330,419
     
315,326
     
298,795
 
Total assets
   
1,769,006
     
1,694,446
     
1,589,872
     
1,474,045
     
1,505,843
 
Current portion of long-term debt
   
27,500
     
69,455
     
77,840
     
82,727
     
67,849
 
Long-term debt
   
334,461
     
361,008
     
310,790
     
334,165
     
181,745
 
Stockholders’ equity
   
875,289
     
781,867
     
704,596
     
664,070
     
825,621
 
Cash dividends declared per share
   
1.48
     
1.46
     
1.44
     
1.42
     
1.40
 
                                         
Supplemental Operating Data (at end of period):
                                       
Approximate number of Customers(6)
   
1,162,905
     
1,244,046
     
1,069,571
     
987,563
     
993,788
 
Number of Sales Leaders(7)
   
54,760
     
73,455
     
81,878
     
61,627
     
67,575
 

(1)
Includes a non-cash Japan customs expense of $31.4 million.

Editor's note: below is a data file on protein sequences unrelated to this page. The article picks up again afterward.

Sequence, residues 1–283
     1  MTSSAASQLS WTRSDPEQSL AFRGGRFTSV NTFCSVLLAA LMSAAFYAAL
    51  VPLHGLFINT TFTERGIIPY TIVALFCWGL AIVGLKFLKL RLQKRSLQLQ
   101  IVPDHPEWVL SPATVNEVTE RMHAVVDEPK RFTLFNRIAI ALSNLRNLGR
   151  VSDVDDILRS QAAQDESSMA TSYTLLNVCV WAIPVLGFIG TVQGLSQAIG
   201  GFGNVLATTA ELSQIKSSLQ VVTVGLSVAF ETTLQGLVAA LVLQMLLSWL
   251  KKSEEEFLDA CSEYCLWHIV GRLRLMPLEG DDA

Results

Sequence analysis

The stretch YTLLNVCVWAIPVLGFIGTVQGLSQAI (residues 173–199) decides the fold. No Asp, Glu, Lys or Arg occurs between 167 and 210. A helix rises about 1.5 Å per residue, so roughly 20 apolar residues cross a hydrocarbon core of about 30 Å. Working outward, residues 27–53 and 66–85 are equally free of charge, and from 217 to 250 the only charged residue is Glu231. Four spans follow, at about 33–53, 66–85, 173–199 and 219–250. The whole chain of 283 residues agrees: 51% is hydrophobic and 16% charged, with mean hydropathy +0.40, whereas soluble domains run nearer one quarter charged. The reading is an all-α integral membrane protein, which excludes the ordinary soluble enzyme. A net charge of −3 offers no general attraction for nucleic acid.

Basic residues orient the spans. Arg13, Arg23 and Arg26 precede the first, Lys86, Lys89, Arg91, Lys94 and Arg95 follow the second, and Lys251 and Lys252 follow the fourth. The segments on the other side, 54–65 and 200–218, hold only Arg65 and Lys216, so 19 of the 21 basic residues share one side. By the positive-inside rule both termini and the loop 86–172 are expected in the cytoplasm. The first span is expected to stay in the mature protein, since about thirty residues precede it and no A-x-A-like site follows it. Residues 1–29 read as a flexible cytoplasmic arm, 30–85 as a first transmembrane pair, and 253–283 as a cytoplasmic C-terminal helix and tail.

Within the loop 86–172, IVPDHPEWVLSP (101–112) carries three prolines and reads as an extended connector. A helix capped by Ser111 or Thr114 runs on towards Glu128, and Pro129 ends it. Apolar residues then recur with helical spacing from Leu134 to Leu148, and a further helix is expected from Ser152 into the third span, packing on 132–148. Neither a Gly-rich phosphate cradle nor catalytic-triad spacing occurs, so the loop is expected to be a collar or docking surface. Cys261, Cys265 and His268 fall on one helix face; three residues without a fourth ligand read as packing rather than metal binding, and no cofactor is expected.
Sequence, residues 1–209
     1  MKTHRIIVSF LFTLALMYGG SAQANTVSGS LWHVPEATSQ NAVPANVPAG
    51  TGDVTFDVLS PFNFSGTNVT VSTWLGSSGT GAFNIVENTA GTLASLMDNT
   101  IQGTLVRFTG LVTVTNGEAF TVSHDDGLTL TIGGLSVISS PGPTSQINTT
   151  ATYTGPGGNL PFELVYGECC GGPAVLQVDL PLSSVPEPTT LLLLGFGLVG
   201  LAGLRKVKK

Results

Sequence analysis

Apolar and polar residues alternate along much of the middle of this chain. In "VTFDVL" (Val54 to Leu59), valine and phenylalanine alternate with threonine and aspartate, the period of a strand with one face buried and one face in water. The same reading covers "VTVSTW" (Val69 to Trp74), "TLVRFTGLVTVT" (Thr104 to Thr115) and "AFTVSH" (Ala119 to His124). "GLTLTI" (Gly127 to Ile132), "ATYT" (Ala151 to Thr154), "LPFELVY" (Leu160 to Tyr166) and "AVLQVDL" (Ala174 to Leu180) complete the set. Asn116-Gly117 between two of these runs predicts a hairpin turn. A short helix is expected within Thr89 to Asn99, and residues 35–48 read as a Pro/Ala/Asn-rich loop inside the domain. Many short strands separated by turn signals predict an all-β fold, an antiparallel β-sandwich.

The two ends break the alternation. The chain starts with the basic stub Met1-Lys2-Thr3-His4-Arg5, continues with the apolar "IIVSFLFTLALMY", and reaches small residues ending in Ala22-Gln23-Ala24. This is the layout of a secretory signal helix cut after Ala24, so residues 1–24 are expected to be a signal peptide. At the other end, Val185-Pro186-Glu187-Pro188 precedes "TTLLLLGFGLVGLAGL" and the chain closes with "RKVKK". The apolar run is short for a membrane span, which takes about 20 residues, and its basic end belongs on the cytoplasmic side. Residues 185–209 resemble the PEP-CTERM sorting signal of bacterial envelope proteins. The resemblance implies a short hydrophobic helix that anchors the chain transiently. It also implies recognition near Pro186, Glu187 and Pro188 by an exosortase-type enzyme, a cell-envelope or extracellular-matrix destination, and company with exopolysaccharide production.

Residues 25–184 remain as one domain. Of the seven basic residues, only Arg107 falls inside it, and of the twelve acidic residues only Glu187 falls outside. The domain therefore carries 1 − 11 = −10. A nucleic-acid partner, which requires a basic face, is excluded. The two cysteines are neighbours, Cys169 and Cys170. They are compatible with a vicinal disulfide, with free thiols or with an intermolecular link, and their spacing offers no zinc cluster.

(2)
Includes write-down of inventory of $37.9 million, resulting primarily from reduced sales expectations primarily in our Greater China region.
(3)
Consists of expenses incurred in connection with restructuring and exit activities.
(4)
Includes $10.2 million of foreign currency charges, related to the devaluation of the Venezuela currency.
(5)
Includes a negative non-cash net impact of $47.7 million from 2017 tax reform legislation in the United States.
(6)
“Customers” are persons who purchased products directly from the company during the previous three months. Our Customer numbers do not include consumers who purchase products directly from members of our sales force.
(7)
“Sales Leaders” are independent distributors, and sales employees and independent marketers in Mainland China, who achieve certain qualification requirements.